If your cat is female, most likely she’ll be left pawed. And your boy…well, he’ll be a rightie. Yes, that’s been proven after Deborah Wells, a senior lecturer at Queen’s University Belfast School of Psychology, and co-author Sarah Millsopp examined the paw use of 42 domestic cats last year. Each cat repeatedly completed three play-like tasks while at home with their owners.
Per the report the first a bit of tuna was placed at the bottom of an empty, narrow-mouthed jar., and the cats were observed how they attempted to extract the food treat.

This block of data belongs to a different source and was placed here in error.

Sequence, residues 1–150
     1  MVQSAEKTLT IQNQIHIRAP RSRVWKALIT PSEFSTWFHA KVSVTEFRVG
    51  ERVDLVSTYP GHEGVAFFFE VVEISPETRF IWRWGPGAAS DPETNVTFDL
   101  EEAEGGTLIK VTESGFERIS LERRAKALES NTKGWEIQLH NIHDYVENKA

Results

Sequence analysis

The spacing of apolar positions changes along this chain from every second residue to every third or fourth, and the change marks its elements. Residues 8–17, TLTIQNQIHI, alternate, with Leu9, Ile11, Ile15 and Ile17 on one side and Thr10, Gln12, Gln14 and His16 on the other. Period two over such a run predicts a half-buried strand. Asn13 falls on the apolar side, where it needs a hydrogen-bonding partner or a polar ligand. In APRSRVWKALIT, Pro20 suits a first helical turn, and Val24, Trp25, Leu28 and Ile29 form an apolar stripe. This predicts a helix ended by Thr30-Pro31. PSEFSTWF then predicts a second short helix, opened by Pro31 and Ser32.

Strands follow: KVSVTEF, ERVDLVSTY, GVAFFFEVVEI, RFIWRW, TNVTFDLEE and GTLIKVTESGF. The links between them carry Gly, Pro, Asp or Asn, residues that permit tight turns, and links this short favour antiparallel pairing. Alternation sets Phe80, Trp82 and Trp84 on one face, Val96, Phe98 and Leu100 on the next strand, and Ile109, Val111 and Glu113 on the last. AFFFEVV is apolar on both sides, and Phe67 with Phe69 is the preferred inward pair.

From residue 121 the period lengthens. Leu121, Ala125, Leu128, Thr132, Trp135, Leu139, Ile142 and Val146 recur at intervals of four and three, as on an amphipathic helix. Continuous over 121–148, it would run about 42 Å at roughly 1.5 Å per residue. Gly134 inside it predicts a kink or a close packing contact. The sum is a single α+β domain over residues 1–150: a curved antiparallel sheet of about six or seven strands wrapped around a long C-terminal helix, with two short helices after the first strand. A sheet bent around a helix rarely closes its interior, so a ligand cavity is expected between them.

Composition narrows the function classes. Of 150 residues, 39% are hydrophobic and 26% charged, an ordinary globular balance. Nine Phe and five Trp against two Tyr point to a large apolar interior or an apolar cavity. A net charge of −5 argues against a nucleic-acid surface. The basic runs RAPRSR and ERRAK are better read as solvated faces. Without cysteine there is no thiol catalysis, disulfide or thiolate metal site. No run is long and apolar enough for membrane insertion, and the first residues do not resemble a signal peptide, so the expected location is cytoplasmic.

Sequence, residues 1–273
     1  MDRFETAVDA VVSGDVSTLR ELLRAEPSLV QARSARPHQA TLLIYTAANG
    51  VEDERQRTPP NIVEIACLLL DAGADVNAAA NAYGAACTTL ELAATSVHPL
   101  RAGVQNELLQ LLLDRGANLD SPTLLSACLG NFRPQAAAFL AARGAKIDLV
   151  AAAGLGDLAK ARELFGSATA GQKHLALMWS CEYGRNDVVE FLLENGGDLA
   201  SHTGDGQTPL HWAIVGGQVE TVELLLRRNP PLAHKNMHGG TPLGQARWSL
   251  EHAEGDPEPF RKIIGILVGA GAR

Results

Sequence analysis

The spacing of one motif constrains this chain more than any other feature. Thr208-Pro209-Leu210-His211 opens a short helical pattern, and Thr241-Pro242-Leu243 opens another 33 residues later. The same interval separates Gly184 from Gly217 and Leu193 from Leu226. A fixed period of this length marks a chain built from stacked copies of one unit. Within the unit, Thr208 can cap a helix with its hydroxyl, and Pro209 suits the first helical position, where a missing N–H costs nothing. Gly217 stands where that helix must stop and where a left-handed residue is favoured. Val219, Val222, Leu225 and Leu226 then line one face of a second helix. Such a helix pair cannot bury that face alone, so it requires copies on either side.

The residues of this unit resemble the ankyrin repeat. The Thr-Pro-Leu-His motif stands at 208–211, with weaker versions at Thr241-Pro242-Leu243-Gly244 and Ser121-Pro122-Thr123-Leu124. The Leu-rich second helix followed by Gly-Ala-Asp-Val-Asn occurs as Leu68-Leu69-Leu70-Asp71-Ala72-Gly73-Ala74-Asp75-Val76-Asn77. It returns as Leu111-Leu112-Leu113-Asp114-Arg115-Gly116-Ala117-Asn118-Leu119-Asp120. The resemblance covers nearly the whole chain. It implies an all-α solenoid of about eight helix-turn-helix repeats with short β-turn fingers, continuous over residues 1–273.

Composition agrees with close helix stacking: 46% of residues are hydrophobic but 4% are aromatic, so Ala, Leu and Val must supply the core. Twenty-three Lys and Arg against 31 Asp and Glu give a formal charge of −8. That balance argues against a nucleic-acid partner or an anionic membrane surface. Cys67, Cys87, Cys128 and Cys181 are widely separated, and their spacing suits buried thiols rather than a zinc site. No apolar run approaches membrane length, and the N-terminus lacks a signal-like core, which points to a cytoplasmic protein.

The second task watched which paw the cat used to reach for a toy mouse suspended above the cat’s head on a string.
For the last task the same toy was slowly dragged on the ground in front of the cats. The first paw used by the cats to try to grab the toy was recorded.
Each feline had 100 paw responses recorded for the study.
What was the overall result? The cats didn’t favor a certain paw to play or reach for the toy mouse. However, the preferred paw to reach for the tuna in the narrow-mouthed jar definately was observed for all cats. The study findings were later published in the scientific journal Animal Behavior.